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'Black Panther' Review

Noncedo-Dlamini Noncedo-Dlamini

In a world like Hollywood where blacks and other minorities have never been portrayed as superheroes or where more than 90% of the films produced are predominantly based on white characters, I absolutely understand why Black Panther would seem like a huge victory for African Americans; and I would never want to say or do anything that takes that away from them. But for an African that was born, raised and still resides in Africa, unfortunately, the movie didn't match up to the hype for me.

Firstly, for a good 20 to 30 minutes it didn't feel like something I had never seen before. To be honest, it mostly felt like what I could call a "Nollywood film that went to private school". Having been exposed to numerous African productions, the excess of black characters on screen was definitely nothing new and the West-African accents made the screenplay feel even more familiar. While Nigeria, Ghana and South Africa have had countless sub-par productions come out of their film industries, I promise you that the good ones are nothing short of the first 30 minutes of Black Panther. The only difference here was that this is a Hollywood star-studded Marvel movie.

The movie was also ‘culturally overwhelming’ for me. While the fake accents were long expected considering the fact that a majority of the cast are African-Americans portraying African characters; what we didn’t expect was the jumble of cultures into one film. Firstly, there is the West-African accent (which the world already thinks is how all Africans speak, thus fueling the first stereotype of many that this film contains), then the official language of Wakanda is Xhosa; a language spoken by the Xhosas of South Africa, one tribe is seen dressed in Basotho blankets, another tribe donning lip plates which are mostly worn by Ethiopians and lastly, the body scarification seen on the beloved villain, Erik Killmonger, which is common in West Africa. In defense of all of this, we could say that Wakanda, being a fictional land, the writers and producers were really just trying to be inclusive of all (or at least most) of African cultures in the making of this movie. However, I still found it disturbing that while the different Wakanda groups borrowed their “appearances” from various African cultures, they still shared the same language and traditional practices as if they were from the same tribe; influencing another stereotype that Africa is just one country.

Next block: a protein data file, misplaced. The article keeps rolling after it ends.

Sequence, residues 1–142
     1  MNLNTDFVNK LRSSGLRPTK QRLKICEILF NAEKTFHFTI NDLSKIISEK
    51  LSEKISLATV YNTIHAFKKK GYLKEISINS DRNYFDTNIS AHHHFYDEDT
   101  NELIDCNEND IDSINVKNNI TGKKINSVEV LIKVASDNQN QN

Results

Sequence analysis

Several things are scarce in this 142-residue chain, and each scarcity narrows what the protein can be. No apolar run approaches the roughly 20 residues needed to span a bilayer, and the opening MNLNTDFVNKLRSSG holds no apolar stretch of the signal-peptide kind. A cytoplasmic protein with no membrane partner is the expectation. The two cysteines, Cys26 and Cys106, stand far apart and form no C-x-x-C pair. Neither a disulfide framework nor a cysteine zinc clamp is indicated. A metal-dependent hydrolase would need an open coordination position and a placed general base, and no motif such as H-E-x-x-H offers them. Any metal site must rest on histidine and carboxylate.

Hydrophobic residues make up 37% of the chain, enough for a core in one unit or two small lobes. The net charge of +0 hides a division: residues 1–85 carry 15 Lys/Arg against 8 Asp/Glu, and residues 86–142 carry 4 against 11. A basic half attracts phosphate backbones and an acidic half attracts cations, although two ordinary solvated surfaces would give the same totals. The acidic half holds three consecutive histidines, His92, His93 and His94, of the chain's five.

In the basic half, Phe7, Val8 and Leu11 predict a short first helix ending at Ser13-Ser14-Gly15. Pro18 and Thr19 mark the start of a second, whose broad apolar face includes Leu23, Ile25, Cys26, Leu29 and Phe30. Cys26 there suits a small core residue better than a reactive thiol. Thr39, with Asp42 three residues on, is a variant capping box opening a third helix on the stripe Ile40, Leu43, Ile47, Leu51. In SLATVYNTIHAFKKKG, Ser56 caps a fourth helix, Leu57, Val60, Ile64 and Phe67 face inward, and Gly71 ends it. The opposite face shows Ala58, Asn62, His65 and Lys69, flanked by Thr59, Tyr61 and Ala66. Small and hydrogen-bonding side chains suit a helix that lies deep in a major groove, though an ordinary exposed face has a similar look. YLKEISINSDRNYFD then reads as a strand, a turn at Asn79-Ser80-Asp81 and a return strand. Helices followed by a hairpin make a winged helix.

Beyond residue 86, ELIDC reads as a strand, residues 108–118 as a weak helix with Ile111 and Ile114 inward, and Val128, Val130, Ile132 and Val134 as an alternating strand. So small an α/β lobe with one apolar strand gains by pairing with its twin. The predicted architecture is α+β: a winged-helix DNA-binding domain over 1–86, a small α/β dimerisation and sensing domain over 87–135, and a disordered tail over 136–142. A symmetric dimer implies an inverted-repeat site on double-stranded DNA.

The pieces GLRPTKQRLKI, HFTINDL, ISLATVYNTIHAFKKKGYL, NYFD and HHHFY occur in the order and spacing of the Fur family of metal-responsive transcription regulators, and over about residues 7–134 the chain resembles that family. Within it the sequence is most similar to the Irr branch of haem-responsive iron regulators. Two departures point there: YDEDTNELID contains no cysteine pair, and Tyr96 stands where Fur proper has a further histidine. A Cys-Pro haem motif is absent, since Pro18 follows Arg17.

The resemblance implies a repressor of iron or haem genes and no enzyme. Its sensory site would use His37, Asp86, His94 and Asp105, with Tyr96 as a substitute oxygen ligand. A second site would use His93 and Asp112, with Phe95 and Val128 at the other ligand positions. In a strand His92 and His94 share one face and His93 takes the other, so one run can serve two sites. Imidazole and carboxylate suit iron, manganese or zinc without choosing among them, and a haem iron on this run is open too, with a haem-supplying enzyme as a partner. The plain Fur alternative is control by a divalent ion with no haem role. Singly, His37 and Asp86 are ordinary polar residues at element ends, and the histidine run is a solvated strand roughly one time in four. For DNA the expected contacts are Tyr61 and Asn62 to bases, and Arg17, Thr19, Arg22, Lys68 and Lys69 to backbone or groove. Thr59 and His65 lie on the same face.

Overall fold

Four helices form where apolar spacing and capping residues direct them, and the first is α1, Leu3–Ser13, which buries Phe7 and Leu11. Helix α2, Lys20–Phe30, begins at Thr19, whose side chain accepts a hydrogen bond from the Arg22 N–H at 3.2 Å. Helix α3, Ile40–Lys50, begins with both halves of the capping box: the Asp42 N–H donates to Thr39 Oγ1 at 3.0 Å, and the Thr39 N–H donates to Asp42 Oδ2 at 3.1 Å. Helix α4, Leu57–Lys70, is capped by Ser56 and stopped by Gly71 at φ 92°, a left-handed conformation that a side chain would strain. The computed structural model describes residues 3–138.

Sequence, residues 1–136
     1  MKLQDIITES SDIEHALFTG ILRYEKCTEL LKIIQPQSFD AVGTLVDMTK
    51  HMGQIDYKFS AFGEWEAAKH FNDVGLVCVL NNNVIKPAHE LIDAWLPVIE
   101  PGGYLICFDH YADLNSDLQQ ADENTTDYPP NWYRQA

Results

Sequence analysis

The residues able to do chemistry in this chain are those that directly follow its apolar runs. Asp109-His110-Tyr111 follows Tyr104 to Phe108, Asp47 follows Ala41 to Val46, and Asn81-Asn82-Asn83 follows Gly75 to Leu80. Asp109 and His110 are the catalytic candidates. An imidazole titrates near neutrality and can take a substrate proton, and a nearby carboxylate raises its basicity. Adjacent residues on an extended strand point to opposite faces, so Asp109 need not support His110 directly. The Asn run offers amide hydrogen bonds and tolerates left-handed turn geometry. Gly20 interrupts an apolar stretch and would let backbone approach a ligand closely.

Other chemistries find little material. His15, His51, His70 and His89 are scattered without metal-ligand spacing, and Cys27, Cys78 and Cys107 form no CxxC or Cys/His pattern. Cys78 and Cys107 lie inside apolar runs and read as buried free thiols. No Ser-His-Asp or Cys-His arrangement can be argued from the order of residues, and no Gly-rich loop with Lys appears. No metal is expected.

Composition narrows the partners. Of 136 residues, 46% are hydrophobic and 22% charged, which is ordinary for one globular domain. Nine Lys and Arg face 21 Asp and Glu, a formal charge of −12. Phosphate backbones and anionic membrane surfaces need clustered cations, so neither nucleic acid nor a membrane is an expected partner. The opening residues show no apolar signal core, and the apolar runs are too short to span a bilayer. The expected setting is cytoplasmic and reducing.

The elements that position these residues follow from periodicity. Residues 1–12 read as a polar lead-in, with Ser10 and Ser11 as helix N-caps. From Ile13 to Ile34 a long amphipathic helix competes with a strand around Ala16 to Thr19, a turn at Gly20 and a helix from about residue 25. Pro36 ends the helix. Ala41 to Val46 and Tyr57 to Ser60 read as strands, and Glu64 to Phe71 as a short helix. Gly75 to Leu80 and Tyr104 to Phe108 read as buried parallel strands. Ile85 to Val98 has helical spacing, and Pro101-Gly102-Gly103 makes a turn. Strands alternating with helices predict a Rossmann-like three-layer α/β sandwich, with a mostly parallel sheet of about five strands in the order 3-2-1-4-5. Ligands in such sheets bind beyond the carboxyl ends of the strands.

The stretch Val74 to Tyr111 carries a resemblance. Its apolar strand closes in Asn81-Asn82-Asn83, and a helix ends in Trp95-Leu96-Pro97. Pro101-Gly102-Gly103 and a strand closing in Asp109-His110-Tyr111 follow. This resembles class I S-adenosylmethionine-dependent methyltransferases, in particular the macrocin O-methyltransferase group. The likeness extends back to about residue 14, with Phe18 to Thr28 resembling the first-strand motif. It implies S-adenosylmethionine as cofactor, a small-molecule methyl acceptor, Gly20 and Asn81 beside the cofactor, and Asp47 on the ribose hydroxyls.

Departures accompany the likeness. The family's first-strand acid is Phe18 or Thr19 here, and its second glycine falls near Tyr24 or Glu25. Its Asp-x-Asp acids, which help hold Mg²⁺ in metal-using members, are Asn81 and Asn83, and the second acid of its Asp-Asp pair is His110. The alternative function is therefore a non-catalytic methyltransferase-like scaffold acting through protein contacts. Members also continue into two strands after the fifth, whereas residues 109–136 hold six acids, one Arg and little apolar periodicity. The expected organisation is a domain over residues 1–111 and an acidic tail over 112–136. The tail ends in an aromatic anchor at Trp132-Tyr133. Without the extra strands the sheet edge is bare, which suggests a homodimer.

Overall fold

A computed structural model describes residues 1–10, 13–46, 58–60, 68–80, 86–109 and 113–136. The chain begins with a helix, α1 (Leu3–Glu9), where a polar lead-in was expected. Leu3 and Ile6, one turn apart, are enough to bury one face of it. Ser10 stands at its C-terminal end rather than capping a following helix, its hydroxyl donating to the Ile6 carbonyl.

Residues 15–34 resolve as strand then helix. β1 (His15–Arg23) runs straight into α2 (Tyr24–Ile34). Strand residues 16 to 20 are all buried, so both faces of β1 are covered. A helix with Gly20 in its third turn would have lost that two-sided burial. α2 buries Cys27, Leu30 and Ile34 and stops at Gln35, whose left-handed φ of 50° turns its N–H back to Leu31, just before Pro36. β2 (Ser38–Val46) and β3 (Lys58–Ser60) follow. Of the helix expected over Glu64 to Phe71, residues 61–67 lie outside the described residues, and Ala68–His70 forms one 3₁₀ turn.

Overall, I really enjoyed the action-packed scenes. Again, this isn’t necessarily ground-breaking but rather what is expected of any superhero film. The storyline is strong and laid out pleasantly, we didn’t have to question what each moment was about as it is the case with most comic movies lately. It might even be a little predictable at the end. I also loved the switch between the modern world of the Americans and the ‘developing’ yet hyper-advanced nation of Wakanda which brings a great contrast to the motion picture. The director, Ryan Coogler, also did a splendid job in creating an exciting and engaging piece of cinema. But is Black Panther the revolutionary film that all black people have been waiting for? Does it really represent Africans in the way that it has been promoted to audiences?

Posted in Black Panther,

Noncedo-Dlamini Noncedo-Dlamini

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